The Better Together campaign was already reeling from a newspaper report quoting an unnamed UK Government minister claiming currency union with an independent Scotland would happen despite Treasury claims to the contrary.
Campaign to save the UK in crisis: Summit called by pro-Union chiefs after support for Scottish independence grows
(Daily Mail, 28 March 2014)
Now even David Bowie’s ganging up on the Scots. Is this how to stop independence?
(The Independent, 20 February 2014)
“The next part of Osborne’s plan is probably to announce that if Scotland becomes independent, it won’t be allowed to keep its zoos, so the day after the vote it’ll have to release tigers and bears and crocodiles into the streets of Edinburgh. But it won’t be able to ask for help because it won’t be allowed to use our language, or any of our letters, so they’ll have to communicate by barking.
Nor will Scotland be allowed to share our orbit round the sun, and Osborne has it on good authority that NASA won’t let it join another one so it’ll have to find a different solar system but if that’s what Scotland wants, it’s up to them.
At one point, for a change, the No campaign got bankers to tell the Scots they were being silly to think they could be independent as well, because there’s no one your average Glaswegian likes to please more than an English banker.
But the No campaign seems to think that the answer is to send more disliked people to be even ruder. Next week Eric Pickles will walk round Paisley naked with a tattoo of Edward II on each buttock, telling voters ‘you’ll get no more of this if you leave England you know’.“
With friends like these the Union has no need for enemies
(The Spectator, 6 February 2014)
“An argument that suggests, implicitly, that, sure, you could vote for independence but if you do you’re stupid is not an argument that is going to prevail. Insulting or threatening the electorate is a bold move and one that causes more trouble, really, than it is worth.
Tories fear Scots will break away
(The Times, 29 December 2013)
Crosby is understood to have suggested that the campaign is so feeble that the future of the UK is in doubt. In a surprising assessment, he is said to have warned that polls giving unionists a strong lead are wrong — and that victory for Salmond in September is not only possible but likely.”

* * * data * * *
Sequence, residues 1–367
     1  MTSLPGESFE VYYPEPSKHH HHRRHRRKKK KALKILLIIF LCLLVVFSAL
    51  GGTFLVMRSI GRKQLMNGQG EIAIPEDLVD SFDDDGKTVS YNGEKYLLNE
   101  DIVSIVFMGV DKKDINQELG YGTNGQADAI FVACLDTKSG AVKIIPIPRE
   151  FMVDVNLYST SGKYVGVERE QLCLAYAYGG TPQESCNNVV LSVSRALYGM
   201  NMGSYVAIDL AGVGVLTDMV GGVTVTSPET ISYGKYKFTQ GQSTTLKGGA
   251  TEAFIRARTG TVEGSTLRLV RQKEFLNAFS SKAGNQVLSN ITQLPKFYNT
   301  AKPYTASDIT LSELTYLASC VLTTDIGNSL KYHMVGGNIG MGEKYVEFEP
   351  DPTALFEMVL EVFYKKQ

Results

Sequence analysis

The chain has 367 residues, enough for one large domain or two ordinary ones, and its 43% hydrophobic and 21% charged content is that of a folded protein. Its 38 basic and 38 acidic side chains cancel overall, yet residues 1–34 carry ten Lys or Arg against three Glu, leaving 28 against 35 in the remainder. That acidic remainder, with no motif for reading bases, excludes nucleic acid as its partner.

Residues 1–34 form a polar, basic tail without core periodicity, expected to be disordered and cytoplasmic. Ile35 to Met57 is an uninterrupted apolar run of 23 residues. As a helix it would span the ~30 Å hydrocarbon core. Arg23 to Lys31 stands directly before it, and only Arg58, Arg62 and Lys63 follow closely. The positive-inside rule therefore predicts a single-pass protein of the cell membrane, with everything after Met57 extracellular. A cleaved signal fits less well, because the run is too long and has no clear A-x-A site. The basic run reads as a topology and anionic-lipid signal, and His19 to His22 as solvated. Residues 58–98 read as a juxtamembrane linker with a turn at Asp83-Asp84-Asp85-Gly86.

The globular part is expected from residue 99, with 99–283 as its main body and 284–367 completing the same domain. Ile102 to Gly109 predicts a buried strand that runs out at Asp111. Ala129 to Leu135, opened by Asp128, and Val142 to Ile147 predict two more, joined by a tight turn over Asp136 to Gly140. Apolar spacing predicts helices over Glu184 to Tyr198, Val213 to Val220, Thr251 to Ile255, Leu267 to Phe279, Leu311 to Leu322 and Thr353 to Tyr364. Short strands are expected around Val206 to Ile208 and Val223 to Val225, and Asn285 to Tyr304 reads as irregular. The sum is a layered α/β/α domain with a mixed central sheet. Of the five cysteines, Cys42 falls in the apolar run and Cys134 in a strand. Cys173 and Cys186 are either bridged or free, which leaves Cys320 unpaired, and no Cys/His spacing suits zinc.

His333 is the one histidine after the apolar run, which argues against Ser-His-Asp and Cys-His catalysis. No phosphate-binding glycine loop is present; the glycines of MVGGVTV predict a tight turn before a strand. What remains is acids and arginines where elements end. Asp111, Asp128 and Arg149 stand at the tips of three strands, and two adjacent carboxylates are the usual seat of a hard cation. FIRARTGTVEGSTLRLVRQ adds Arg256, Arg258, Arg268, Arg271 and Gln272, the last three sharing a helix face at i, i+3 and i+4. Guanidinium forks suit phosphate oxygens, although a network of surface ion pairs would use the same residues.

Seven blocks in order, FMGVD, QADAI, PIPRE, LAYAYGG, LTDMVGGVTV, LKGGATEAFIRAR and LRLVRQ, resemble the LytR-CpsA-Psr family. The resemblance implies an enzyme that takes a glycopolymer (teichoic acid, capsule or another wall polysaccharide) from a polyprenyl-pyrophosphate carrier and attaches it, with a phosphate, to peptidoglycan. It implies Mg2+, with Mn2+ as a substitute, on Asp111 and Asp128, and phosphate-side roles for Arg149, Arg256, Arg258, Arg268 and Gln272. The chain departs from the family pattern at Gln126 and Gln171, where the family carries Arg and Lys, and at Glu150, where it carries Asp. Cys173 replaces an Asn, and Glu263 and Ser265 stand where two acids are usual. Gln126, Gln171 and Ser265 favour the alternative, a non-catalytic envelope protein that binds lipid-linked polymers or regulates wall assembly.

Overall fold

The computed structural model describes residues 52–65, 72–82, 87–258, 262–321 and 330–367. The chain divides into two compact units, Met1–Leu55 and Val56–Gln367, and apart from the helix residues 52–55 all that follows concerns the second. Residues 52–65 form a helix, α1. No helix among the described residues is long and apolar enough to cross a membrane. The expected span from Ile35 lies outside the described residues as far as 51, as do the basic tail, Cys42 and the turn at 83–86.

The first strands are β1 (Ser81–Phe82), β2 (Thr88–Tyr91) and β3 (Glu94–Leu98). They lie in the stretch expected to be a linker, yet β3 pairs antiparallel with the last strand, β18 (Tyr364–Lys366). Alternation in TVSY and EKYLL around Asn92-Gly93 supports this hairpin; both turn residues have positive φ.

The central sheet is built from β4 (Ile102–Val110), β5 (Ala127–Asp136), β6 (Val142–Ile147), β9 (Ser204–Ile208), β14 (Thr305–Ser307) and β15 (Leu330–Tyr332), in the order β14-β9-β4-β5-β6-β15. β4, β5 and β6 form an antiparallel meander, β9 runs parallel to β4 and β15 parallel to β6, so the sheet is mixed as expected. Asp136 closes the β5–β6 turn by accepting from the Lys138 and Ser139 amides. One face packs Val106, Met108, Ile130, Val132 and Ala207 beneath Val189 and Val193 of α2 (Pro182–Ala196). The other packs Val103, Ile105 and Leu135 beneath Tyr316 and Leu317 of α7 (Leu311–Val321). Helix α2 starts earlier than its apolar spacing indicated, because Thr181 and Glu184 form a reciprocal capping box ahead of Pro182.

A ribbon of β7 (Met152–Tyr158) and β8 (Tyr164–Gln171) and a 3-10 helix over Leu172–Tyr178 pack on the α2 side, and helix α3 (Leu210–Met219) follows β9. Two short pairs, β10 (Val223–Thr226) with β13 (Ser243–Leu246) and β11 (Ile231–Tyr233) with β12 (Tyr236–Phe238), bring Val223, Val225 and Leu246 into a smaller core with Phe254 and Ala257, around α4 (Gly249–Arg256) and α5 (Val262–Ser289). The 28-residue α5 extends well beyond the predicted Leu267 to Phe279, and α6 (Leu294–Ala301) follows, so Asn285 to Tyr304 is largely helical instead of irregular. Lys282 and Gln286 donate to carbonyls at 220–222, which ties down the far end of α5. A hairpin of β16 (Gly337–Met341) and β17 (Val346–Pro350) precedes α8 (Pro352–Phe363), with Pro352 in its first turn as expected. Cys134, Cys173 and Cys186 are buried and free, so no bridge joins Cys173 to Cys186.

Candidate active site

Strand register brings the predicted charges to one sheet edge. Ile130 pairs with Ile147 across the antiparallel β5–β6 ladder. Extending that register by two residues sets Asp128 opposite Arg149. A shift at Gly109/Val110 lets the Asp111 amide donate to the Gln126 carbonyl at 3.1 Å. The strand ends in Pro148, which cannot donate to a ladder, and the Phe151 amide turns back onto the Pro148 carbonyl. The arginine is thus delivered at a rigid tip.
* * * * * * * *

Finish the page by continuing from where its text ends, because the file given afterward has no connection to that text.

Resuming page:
No campaign is branded as ‘amateur’
(The Sunday Times, 8 December 2013)
“Senior Labour figures are demanding an urgent overhaul of the Better Together campaign to save the union, with some supporting Tory claims that its figurehead Alistair Darling is ‘comatose’ and branding its staff ‘amateurs’.
Some have also condemned Better Together’s strategy for securing victory. Although polls show support for a Yes vote trailing by at least nine points, Labour MPs have warned privately that voters are being turned off by the No campaign’s messages.”
The clock is ticking – Better Together needs a positive plan
(Left Foot Forward, 16 September 2013)
Scottish independence: Ditch No campaign – McLeish
(The Scotsman, 8 July 2013)
Mr McLeish said: ‘There are fear and scare stories such as that we’ll have passport controls at the Border and won’t have access to blood transfusion supplies. Next they’ll be saying there will be seven years of famine in an independent Scotland and that aliens will land here.'”
Better Together Campaign Must Up Its Game
(Huffington Post, 21 February 2013)
“When I think about it, I’ve yet to come across any real argument as to why people should vote ‘No’ come 2014. It seems to me as though every argument the Better Together campaign has put forward is simply to poke holes in what Yes Scotland say and do – but never setting out themselves why the Union is indeed better together.
Indy’s leap of faith is only issue
(Sunday Mail, 17 February 2013)
“The No campaign needs to start explaining why the Union can make Scotland better not why independence will be a terrible thing as Scots, mired in a swamp of endless negotiations, wander between our mud huts borrowing cups of woad.
In fairness to Blair McDougall and his chums, what the evidence above shows is that if there’s one thing you certainly can’t accuse them of it’s not giving Plan A a fair shake.
We’ll keep this updated, so do send in your own favourites.